Google+ Bookslingers Blog: Oz: James Franco, Dream Killer

Oz: James Franco, Dream Killer

 So, there's this now:

I have argued at length with Maelie about my deep loathing of the CGI blancmange that was Tim Burton's Alice in Wonderland.
That red is the blood of my eye tears. The expression is the face that I made through the entire film.
But what we could both agree on was that it was awesome to have a female heroine starring in a big budget blockbuster movie who has a sword. Even if that movie has Anne Hathaway in it (okay, that part was just me). 

So, imagine my displeasure when I watched the trailer and realized that the technicolour vomitorium that will be Oz is not the fantastic feminine utopia of my childhood but a movie that contains the line:  "Aren't you the great man we've been waiting for?"

This is not the great man that you've been waiting for. Also, stop putting your world-saving hero requests on Craigslist
The Oz books were one of those childhood-defining series that have a special place in my heart. The graceful John R. Neill illustrations, the weird imaginative worlds of L.Frank Baum and above all, the powerful female characters.
Not to say that the Wizard isn't an important part of the series. After being de-curtained by Dorothy, he becomes a kindly uncle figure for Ozma and the rest of the Oz crew. There are many important male characters like the Scarecrow, the Cowardly Lion, the Tin Man, Tik Tok, Button Bright, the Shaggy Man, etc.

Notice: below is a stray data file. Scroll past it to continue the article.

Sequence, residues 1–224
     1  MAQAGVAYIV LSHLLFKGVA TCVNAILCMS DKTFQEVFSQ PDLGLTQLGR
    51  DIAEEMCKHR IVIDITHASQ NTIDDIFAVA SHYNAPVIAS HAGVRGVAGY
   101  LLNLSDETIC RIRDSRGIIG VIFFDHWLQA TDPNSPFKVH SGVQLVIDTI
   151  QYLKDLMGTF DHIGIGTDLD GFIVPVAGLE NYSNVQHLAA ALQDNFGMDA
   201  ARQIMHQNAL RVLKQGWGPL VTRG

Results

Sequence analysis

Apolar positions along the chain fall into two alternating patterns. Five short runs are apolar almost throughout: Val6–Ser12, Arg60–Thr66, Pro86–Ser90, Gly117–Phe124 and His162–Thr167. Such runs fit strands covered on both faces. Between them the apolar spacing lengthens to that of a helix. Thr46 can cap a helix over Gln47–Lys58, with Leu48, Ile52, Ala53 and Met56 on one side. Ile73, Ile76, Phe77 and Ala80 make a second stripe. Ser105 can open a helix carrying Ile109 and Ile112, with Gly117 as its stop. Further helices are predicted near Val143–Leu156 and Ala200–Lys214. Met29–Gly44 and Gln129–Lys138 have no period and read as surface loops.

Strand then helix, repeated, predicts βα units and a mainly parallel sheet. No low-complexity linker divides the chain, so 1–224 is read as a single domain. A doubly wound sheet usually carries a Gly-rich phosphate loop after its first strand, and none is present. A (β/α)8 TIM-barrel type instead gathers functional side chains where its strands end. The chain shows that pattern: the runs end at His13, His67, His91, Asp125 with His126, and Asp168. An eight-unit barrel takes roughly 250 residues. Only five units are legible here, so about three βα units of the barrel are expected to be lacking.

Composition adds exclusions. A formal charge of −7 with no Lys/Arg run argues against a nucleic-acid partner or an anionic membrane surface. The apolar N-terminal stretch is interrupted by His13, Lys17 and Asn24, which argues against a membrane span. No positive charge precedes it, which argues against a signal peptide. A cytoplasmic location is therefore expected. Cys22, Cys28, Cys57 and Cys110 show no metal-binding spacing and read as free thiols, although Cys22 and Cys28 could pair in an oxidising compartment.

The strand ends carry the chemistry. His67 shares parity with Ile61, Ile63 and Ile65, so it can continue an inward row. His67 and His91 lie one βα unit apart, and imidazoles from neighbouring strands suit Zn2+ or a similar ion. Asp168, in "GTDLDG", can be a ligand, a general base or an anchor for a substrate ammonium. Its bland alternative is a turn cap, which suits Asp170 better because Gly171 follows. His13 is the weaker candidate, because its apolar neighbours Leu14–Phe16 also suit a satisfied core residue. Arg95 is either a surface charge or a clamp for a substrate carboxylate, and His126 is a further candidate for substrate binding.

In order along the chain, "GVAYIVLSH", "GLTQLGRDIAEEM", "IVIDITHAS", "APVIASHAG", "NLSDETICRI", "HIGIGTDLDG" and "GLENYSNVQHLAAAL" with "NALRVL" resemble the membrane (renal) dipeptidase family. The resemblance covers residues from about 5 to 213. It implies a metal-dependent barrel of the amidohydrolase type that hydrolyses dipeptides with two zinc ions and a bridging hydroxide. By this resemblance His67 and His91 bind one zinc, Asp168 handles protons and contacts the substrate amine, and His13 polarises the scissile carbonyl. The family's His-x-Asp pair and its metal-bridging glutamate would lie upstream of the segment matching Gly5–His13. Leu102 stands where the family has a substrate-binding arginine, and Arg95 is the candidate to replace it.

But the real heroes of the series, the characters who we journey with and have all the narrative power are the ladies. And they are fantastic.

Dangerous socialist, pacifistic fairy radical

There is Ozma. Who was a boy but was really a girl but who spent most of her life as a boy before being transformed into a fairy princess (Oh Baum!). She is the true ruler of Oz, a radical regal communist (she abolishes money and then redistributes resources so that no one has to work or age or die. She still keeps the crown though. Some one's got to wear those poppies), a pacifistic who refuses to go against her ideals even when the most badass of Oz's enemies are at the gates of Emerald City and enjoys going on dangerous rescue missions into the killer desert with her killer tiger and lion friends.

There's also Polychrome and Betsy Bobbin and Belinda (technically a chicken but a chicken who defeats the gnome king) and the Patchwork Girl and Glinda and Mombi and Trot.

And Dorothy. The no nonsense farm girl who sticks up for herself and her friends and isn't afraid to call bullies out. Witch trying to steal your head? Shut that business down and then await rescue from Super Friend. Hungry Tiger threatens to eat you? Give him a lecture on manners. Creepy vegetable people going to destroy you? Pick a new vegetable princess off the princess tree and then stage a coup.
I punched a lion. What did you do today?
These books are not perfect. Looking at them with adult eyes, Baum has eyebrow-raising ideas about suffragettes ("Stop wanting the vote! What you really want is a new frying pan!") and some troubling racism (Growleywogs anyone?).

What is good and lasting about the books is the awesome female friendships and the strong and practical heroines who have their own stories and stand up for themselves and what they value. And what girl doesn't want to rule a fairy kingdom with her BFFs?

I'll reserve judgement on Oz until I see the movie. But I hope that the 2012 movie remains true to the original series' radical 1900 idea of telling stories with strong lady heroes.